Summits, Toilets, and Pizza
Miles 266.1 to 454.5
The easiest way to think of a thru-hike is as a bunch of section hikes tied together by town stops. With about 100 miles between towns in Southern California, it makes sense. The group I’m hiking with usually covers that mileage in about three to four days, so you don’t have to carry too much food at a time.
Leaving Big Bear
We took two nearos in Big Bear, with a stay in a humble Motel 6. A bottle of tequila landed in our possession from a failed hitch, so a small party of cards and laughter filled the room till late in the night.
The weather looked not ideal leaving, but we powered through the cold and rain to hike 19 miles (does that really count as a nearo?). We had full bellies from a breakfast in town, and the hitch back to the trail has gotten easily.
We hiked into Little Bear Camp, and with rain in the future we set up tents instead of cowboy camping. It was a good thing too, as I woke up to a thin layer of ice in the morning.
Hot Springs and Simple Things
The next day hot springs were on my mind. The ice on my tent spurred me forward the 22 miles to the springs. We left early, and with a phone call to my mom on the way the miles flew by.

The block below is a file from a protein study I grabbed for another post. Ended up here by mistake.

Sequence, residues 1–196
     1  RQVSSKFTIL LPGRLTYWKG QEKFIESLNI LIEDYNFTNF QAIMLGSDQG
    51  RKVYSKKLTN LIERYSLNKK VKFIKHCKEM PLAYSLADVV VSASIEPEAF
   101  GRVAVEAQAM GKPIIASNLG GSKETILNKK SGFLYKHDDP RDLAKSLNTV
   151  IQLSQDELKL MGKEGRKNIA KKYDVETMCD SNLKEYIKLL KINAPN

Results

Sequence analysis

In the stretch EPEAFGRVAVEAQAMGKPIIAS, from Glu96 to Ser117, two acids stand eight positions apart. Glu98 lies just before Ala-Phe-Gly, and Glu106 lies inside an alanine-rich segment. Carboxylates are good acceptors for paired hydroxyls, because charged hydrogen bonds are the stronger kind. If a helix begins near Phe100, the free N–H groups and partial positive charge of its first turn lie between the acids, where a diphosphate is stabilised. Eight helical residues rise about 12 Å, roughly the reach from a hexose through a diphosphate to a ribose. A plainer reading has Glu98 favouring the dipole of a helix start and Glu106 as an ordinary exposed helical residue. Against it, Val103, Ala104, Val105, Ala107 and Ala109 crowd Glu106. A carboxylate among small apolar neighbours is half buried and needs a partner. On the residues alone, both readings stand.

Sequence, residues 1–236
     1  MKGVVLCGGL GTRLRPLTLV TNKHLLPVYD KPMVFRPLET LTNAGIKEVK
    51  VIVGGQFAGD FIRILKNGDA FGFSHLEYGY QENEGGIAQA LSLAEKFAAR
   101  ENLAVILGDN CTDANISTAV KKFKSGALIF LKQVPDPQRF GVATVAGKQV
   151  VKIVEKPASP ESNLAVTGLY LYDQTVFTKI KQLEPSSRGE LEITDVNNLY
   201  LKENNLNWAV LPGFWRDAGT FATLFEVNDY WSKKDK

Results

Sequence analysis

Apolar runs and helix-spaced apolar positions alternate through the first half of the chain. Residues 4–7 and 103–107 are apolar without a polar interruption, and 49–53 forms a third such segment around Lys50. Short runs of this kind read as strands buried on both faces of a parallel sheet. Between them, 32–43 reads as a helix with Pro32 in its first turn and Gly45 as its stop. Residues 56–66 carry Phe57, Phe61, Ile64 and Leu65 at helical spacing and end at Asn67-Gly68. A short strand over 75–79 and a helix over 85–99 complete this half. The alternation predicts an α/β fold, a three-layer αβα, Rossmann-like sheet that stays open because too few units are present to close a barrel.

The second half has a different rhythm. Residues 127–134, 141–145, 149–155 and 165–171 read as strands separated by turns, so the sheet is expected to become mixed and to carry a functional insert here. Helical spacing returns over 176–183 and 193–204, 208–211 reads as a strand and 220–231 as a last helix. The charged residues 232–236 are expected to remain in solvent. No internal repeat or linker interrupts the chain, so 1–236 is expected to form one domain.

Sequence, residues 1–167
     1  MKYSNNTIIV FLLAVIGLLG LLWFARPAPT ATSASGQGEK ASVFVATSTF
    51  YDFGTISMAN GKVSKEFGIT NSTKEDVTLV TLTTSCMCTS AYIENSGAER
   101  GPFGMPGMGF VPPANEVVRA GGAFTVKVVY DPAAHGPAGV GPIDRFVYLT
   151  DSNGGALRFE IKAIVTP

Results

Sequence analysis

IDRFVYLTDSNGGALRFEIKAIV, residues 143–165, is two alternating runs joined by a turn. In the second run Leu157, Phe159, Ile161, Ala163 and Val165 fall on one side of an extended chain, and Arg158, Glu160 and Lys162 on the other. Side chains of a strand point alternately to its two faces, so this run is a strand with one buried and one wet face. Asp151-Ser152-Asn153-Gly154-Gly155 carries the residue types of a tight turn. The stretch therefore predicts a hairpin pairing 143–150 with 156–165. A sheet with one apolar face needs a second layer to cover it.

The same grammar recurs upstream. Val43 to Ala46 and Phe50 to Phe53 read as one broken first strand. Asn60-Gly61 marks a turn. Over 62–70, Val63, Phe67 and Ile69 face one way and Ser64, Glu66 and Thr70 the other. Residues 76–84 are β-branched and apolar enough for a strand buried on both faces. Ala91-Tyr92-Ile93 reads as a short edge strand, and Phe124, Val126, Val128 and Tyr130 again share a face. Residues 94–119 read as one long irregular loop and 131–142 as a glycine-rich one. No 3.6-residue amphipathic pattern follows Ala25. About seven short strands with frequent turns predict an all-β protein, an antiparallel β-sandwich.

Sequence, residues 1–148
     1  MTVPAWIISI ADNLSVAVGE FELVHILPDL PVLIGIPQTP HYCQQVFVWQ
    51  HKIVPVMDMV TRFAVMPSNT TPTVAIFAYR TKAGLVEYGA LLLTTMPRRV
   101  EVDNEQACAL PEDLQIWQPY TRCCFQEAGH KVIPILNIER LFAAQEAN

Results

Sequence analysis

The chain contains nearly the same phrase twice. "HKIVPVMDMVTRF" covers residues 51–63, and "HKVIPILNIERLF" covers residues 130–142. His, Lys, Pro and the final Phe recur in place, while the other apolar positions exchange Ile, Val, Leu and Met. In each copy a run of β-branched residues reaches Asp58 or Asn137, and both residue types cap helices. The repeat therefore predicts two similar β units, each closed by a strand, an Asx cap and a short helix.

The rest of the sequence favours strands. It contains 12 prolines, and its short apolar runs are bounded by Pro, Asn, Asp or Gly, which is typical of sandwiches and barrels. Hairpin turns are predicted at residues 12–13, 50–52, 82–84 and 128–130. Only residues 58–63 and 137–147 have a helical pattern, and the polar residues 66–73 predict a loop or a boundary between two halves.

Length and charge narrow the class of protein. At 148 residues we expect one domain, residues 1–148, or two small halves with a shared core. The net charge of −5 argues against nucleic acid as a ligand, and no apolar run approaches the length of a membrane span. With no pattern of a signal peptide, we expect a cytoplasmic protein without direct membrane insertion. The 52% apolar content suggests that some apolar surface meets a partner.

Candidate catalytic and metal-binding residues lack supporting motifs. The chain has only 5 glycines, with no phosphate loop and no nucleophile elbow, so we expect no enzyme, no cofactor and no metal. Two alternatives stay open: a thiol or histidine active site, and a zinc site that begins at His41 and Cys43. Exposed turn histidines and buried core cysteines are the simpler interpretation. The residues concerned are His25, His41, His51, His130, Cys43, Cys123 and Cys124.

I showed up to the springs around 2:30, and wove my way between naked bodies to the warm water. It seeped into my bones and warmed me to the core.
Two hours of soaking, eating, and sipping from the many bottles and bidets (never used) of liquor later, and we were back on trail. McDonald’s called us onward. We cowboy camped at a stream crossing, making for a 27-mile day. We had enough energy and daylight to play some crazy eights as a beaver swam in the creek nearby.
Cajon Pass Hot Tub
We woke early to start the day with a cold creek crossing. It also happened to be my birthday, so I donned my TuTu and took a shot of Jack Daniel’s, and started the walk for the day.
Not 30 minutes into the hike, we saw Papa Bear waking up. He’s a trail angel who has been driving along the trail, and his offer of beer and soda was gladly accepted. A beautiful rendition of happy birthday was also sung to me on the phone from my parents not shortly after.
We hiked some more, coming to a lake that was unexpected. We stopped at a picnic area near there, where hikers could order pizza. I drank a beer, and skipped on pizza since I knew McDonald’s waited for me at the end of the day.
We pushed forward, and by 5 o’clock I was sitting in a McDonald’s, my stomach full of chicken nuggets, Big Macs, and ice cream.
Monk, who is a part of our little tramily, had hiked 50 miles the day before to see his sister and friend. He had gotten a hotel room, so we all piled in. After sitting in a hot tub drinking beer, we all climbed first into the bathtub to see if we could, then into the king-sized bed. Honestly, the best birthday I’ve ever had.
The next day was more of the same. Cajon Pass sits well below 4,000 feet, and the next section required us to climb up past 8,000 feet into some dicey weather. We collectively decided to take a zero to wait out the storm.
The day was perfect, filled with laughter, beer, and about six hours in a hot tub.